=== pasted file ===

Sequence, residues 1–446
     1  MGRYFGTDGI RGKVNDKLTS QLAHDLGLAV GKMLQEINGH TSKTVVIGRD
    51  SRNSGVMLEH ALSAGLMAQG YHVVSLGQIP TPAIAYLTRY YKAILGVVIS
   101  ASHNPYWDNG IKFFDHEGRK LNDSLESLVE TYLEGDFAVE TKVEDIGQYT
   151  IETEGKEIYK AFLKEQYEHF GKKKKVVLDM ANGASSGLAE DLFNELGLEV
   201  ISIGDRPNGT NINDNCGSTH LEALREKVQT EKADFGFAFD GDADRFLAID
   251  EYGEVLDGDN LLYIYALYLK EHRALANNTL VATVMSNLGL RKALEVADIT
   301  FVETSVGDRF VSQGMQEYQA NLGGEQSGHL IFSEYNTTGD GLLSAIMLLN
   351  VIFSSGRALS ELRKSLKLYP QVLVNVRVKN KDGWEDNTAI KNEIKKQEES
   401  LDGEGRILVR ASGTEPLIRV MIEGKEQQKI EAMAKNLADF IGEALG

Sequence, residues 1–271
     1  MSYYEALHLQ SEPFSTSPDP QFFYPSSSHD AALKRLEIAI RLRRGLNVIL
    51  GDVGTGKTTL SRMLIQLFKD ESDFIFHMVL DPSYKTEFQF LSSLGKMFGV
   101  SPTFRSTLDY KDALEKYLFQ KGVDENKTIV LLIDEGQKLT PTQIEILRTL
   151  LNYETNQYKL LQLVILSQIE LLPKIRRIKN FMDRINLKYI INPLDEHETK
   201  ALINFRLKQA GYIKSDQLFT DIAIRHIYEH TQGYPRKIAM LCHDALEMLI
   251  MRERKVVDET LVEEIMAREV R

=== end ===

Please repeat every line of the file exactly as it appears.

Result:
Sequence, residues 1–446
     1  MGRYFGTDGI RGKVNDKLTS QLAHDLGLAV GKMLQEINGH TSKTVVIGRD
    51  SRNSGVMLEH ALSAGLMAQG YHVVSLGQIP TPAIAYLTRY YKAILGVVIS
   101  ASHNPYWDNG IKFFDHEGRK LNDSLESLVE TYLEGDFAVE TKVEDIGQYT
   151  IETEGKEIYK AFLKEQYEHF GKKKKVVLDM ANGASSGLAE DLFNELGLEV
   201  ISIGDRPNGT NINDNCGSTH LEALREKVQT EKADFGFAFD GDADRFLAID
   251  EYGEVLDGDN LLYIYALYLK EHRALANNTL VATVMSNLGL RKALEVADIT
   301  FVETSVGDRF VSQGMQEYQA NLGGEQSGHL IFSEYNTTGD GLLSAIMLLN
   351  VIFSSGRALS ELRKSLKLYP QVLVNVRVKN KDGWEDNTAI KNEIKKQEES
   401  LDGEGRILVR ASGTEPLIRV MIEGKEQQKI EAMAKNLADF IGEALG

Sequence, residues 1–271
     1  MSYYEALHLQ SEPFSTSPDP QFFYPSSSHD AALKRLEIAI RLRRGLNVIL
    51  GDVGTGKTTL SRMLIQLFKD ESDFIFHMVL DPSYKTEFQF LSSLGKMFGV
   101  SPTFRSTLDY KDALEKYLFQ KGVDENKTIV LLIDEGQKLT PTQIEILRTL
   151  LNYETNQYKL LQLVILSQIE LLPKIRRIKN FMDRINLKYI INPLDEHETK
   201  ALINFRLKQA GYIKSDQLFT DIAIRHIYEH TQGYPRKIAM LCHDALEMLI
   251  MRERKVVDET LVEEIMAREV R